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Gob's Grief


Gob's Grief

Chris Adrian's novel GOB'S GRIEF is the story of one man's tireless effort to erase the sting of death with his invention, a time machine. Dr. Gob Woodhull's machine would transcend time and bring to life thousands of Civil War dead, including his deceased twin brother, Tomo.

Tomo had sought escape from a strange and politically embattled family --- their surgeon father and suffragette mother kept the family's lifestyle tumultuous. Gob grieves a lingering anguished grief. Regret, unfulfilled adoration for Tomo's memory, and misdirected energy lead him to his invention. At a young age, Gob apprentices himself to a spirit creature, the Urfeist, to learn how to bring back the dead. The machine, an ominous mechanical construction housed in a glass enclosure on the top floor of Gob's large house, becomes his obsession.The author introduces additional characters that interact with Gob to help fulfill the dream. The common denominator they share is the loss of a brother or dear friend in the Civil War.

Walt Whitman (yes, the author of LEAVES OF GRASS) ministers to dying soldiers as a hospital volunteer. He becomes the devoted champion of Hank Smith, a young man whose leg is amputated as a result of his wounds. Whitman is devastated when the patient dies and so becomes a partner in Gob's time machine project. Gob's aunt, Tennie Claflin, is a freethinking woman and righteous supporter of her sister, Victoria Woodhull (yes, the radical feminist). Whitman becomes infatuated with Tennie, leading to further involvement with Gob's family.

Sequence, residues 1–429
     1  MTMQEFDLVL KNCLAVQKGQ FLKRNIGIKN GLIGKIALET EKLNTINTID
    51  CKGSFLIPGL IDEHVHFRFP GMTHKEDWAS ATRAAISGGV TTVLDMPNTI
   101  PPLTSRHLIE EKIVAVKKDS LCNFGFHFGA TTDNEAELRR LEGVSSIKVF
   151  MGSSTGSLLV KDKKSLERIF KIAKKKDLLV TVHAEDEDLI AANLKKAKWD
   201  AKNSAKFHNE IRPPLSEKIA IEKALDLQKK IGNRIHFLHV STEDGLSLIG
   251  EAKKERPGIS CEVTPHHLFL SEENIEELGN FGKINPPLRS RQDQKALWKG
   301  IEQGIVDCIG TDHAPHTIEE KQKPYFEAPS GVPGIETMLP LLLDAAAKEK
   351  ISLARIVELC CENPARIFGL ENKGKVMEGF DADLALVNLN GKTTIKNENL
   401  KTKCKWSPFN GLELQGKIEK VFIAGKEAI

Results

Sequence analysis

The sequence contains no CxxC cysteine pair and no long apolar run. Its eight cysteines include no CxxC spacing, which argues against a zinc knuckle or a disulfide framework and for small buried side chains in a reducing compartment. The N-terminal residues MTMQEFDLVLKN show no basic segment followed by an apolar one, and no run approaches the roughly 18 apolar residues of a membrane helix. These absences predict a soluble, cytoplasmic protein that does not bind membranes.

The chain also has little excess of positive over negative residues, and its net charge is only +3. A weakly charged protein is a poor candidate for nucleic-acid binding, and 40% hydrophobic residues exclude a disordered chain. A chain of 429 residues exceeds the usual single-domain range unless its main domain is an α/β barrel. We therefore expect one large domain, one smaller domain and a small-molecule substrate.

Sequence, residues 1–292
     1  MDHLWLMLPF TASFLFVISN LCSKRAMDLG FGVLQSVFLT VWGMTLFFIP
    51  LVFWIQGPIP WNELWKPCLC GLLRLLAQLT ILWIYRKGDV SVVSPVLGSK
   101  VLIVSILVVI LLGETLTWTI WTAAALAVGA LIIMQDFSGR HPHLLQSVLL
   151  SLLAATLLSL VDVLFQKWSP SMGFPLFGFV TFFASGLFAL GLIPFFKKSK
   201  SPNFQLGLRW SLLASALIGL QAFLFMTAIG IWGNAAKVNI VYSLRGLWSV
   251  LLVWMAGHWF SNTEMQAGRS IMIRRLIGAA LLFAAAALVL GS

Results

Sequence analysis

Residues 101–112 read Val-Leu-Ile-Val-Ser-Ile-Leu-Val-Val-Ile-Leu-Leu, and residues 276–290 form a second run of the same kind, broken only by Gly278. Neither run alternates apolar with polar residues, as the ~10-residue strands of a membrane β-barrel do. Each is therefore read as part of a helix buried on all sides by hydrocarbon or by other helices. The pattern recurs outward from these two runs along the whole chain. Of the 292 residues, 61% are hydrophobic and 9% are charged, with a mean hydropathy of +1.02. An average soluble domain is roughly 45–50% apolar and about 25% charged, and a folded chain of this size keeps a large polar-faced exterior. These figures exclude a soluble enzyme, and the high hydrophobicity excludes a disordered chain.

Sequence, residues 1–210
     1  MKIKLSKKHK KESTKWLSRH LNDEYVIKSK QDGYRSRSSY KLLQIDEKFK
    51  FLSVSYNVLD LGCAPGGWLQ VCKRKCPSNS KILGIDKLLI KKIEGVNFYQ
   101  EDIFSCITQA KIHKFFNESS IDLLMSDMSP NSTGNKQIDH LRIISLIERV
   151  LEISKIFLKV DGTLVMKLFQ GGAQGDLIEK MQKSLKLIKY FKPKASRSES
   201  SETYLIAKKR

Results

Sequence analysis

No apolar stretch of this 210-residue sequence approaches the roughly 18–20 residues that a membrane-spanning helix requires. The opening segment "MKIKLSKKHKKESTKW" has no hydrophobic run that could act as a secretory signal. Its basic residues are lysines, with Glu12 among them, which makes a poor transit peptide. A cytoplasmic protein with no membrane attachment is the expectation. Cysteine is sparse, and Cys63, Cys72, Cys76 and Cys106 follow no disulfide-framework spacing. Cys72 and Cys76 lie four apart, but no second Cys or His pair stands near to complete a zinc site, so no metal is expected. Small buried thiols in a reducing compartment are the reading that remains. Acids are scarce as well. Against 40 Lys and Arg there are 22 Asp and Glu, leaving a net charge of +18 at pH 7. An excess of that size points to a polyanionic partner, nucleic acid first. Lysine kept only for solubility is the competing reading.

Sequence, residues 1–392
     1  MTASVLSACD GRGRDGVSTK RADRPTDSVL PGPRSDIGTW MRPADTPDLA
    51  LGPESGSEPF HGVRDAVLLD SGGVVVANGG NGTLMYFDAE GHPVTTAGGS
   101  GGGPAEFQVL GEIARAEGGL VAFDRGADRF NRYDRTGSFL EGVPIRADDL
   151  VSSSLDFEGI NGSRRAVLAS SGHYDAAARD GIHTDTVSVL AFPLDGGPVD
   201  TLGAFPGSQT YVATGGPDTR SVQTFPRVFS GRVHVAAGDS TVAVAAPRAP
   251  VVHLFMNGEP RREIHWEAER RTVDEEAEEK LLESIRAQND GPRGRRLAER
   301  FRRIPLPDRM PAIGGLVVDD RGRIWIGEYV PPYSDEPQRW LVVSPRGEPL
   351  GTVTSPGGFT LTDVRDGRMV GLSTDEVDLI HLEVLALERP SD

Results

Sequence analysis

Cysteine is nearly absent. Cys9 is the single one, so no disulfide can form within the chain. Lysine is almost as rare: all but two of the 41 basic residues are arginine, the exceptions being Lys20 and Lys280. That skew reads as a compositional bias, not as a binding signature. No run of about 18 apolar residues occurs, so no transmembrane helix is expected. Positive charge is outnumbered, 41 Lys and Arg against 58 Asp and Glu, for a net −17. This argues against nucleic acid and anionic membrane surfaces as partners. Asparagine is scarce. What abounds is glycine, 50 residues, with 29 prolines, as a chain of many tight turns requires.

Doctor Will Fie is yet another player in the drama that unfolds. He, too, has lost a brother to the War. Gob befriends him and enlarges his circle of assistants. Dr. Fie is unprincipled, harvesting body parts from the morgue where he works. His willing compliance makes him a morbid and unlikable character.

When a progressive young lady becomes an assistant to Victoria Woodhull in her political wanderings, writing political news for her mentor, Gob finds her irresistible. She has lost a brother in battle, giving Gob yet another reason to court Miss Maci Trufalt. She supports his creative efforts, but when the final moment of reckoning with the machine comes, her reaction is curious.

Adrian's literary style is compelling and his words are well crafted. One may question his reconstruction of actual persons' lives and actions. Mrs. Woodhull's words are true to her actual speeches, and Whitman's poetic quotes are real; but the license taken with their thoughts and feelings makes this reader a bit uneasy with their parts in the story line.

Adrian's fantasy is a compelling novel. The reader's anxiety is heightened throughout the story. Even amid doubts and the feeling that the protagonist is a madman, curiosity compels one to read the last word.

Reviewed by Judy Gigstad on March 12, 2002

Gob's Grief
by Chris Adrian

  • Publication Date: March 12, 2002
  • Genres: Fiction, Historical Fiction
  • Paperback: 400 pages
  • Publisher: Vintage
  • ISBN-10: 0375726241
  • ISBN-13: 9780375726248